The legislation does not restrict local spending.
By JEFF ORTEGA
COLUMBUS -- State lawmakers pushed through restrictions on state government spending growth with backers saying the measure will ensure fiscal restraint.
Critics, however, said they believe the restrictions, tacked onto the state's tobacco-settlement budget, would result in spikes to local property taxes.
The House voted 65 to 30 and the Senate voted 21 to 12 on Tuesday to adopt the spending restraint that is roughly based on the Tax Expenditure Limitation Amendment, championed by GOP gubernatorial nominee J. Kenneth Blackwell, that's certified for the November ballot.
Separately, House lawmakers voted 65 to 28 and state senators voted 24 to 8 to pass legislation, tucked in an elections-related bill, clarifying how backers of the proposed constitutional amendment can withdraw the proposal from the ballot.
"It's going to control spending at the necessary levels," House Speaker Jon Husted, a Dayton-area Republican, said of the TEL provision passed by lawmakers.
Senate President Bill M. Harris, an Ashland Republican, said he believes there's a sentiment in Ohio for state government to be fiscally responsible.
In a letter Tuesday to Blackwell, Ohio's secretary of state, other backers of the TEL amendment said they were withdrawing the proposed TEL ballot amendment.
State Rep. Bob Gibbs, a Lakeville Republican, said he believes the TEL provision passed by lawmakers is better than the TEL amendment.
"I think it should be in statute," Gibbs said.
Some critics, however, saw a different agenda.
"This is really all about trying to save a sinking ship," state Sen. Robert F. Hagan, a Youngstown Democrat, said, referring to criticism of the TEL amendment by local governments, human service agencies and school districts.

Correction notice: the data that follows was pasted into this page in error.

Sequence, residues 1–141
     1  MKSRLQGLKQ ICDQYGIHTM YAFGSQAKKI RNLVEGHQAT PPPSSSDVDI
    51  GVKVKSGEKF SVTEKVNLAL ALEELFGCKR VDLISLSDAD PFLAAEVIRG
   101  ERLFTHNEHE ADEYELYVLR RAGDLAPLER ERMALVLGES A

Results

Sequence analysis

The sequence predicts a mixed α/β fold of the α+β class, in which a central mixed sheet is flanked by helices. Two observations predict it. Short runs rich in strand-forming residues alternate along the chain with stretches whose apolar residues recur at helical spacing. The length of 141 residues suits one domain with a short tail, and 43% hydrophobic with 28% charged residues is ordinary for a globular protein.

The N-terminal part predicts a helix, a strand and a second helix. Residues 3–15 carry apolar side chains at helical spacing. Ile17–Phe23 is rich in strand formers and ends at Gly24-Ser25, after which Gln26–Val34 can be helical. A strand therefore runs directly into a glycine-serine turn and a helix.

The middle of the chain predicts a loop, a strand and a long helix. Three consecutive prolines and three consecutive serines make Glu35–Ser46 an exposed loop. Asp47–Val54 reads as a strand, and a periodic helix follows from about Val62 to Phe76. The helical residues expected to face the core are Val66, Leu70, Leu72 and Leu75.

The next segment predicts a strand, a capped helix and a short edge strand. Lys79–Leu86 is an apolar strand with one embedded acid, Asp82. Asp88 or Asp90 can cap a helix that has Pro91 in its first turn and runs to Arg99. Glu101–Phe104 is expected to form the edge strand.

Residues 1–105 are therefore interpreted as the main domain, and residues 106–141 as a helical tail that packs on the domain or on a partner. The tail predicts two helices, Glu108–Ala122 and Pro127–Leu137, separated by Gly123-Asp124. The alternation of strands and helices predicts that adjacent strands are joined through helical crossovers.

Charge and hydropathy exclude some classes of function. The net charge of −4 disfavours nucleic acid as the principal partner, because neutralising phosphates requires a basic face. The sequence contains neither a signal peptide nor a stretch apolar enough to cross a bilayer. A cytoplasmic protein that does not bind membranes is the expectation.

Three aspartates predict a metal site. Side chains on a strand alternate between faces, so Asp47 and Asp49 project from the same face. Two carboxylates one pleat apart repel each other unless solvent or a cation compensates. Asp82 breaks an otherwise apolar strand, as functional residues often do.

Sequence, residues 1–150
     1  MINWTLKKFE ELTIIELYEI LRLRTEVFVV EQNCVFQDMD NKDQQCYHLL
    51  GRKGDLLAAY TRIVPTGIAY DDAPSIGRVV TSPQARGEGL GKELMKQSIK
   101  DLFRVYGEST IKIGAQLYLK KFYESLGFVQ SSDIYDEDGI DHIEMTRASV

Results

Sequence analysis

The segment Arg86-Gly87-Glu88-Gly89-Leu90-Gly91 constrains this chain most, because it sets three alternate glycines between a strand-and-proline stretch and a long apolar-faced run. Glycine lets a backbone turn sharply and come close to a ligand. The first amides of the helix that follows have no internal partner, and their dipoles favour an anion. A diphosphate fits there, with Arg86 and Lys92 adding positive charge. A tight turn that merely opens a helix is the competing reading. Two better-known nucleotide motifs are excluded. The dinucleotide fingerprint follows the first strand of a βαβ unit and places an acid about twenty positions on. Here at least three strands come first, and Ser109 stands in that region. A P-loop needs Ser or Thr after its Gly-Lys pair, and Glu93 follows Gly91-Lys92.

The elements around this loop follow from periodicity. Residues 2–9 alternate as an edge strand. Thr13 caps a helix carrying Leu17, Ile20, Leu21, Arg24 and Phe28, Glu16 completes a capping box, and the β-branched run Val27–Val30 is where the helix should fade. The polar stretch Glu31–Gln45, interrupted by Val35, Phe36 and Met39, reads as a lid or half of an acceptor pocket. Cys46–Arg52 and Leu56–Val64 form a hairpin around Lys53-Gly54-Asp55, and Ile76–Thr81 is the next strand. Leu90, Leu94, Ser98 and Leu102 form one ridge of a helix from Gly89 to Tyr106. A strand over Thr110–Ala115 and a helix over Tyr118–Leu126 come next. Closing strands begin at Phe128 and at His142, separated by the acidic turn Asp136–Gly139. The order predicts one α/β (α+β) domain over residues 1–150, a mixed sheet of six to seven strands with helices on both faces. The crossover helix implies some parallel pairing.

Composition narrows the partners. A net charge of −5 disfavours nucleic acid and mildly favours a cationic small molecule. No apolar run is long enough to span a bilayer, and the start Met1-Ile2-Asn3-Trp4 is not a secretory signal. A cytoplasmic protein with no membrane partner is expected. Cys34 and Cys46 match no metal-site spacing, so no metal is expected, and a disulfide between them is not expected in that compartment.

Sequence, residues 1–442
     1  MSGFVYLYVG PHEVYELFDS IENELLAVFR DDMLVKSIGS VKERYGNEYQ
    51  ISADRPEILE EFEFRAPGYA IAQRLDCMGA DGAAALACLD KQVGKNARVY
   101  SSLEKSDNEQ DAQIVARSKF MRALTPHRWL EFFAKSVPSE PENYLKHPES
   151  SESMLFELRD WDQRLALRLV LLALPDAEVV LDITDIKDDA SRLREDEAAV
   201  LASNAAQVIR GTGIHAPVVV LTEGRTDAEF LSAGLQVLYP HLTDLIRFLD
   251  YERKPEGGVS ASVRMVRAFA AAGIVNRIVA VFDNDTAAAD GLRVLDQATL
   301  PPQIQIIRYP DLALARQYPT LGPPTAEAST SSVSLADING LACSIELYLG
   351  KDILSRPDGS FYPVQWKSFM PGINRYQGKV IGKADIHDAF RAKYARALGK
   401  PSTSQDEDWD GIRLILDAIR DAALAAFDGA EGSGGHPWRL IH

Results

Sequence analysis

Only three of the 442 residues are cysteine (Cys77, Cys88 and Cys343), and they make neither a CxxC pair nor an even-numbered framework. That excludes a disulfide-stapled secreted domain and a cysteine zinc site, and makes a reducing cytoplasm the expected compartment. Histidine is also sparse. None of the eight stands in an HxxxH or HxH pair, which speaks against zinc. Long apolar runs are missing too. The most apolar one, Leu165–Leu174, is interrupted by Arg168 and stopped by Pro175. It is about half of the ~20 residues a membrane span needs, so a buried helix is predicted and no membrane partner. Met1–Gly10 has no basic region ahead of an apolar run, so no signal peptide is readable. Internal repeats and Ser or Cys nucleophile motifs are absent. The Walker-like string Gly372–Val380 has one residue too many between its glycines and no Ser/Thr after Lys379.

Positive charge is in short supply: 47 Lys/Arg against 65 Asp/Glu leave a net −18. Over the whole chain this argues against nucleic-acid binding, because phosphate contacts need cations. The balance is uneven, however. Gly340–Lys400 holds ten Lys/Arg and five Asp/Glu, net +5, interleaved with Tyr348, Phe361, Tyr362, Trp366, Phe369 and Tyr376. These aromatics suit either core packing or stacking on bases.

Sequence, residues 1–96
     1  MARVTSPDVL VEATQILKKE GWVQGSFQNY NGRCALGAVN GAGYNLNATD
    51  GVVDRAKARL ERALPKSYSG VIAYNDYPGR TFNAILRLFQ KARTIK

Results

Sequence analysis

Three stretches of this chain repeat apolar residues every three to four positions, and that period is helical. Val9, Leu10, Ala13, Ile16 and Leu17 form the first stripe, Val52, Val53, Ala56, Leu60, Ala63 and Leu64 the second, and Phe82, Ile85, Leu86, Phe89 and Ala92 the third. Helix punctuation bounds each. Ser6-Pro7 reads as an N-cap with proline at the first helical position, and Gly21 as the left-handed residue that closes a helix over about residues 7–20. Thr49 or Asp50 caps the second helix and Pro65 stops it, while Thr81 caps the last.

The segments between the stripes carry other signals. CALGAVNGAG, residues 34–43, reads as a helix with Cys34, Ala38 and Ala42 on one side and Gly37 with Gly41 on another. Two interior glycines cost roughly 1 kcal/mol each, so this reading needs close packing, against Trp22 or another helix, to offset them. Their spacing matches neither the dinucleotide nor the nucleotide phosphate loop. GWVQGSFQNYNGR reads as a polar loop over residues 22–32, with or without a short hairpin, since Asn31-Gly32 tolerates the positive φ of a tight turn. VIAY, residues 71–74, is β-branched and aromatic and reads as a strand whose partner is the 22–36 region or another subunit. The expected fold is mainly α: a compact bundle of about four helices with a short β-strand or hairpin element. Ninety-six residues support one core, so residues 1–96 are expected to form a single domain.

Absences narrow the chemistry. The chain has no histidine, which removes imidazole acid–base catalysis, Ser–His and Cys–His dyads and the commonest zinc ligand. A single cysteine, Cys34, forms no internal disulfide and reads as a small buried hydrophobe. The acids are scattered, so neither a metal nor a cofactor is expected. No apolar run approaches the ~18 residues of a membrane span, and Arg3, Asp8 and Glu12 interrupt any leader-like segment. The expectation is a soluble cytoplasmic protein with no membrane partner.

State Rep. Sandra Stabile Harwood, a Niles Democrat, said she believed the spending restraints would impact local governments and would "push the shortage back to people in the locality in the way that they will have to be facing more levies to make up the difference.
"It's just going to make it worse for the people at the local level," she said.
The TEL ballot amendment would restrict annual state- and local-government spending growth to 3.5 percent, or the rate of inflation plus population growth, whichever is higher.
Any unspent money in excess of 10 percent of the state budget would be returned to taxpayers. The amendment also would forbid the state from imposing unfunded mandates on local governments.
The TEL provision passed by the Legislature would limit state spending growth to 3.5 percent per year but does not apply to local governments and school districts.
Mark Rickel, a spokesman for Gov. Bob Taft, said the governor signed the bill late Tuesday containing the provision clarifying how amendment backers may withdraw a petition. It takes effect in about 90 days.
Rickel said the governor would have to closely review the TEL provision in the state tobacco-settlement budget.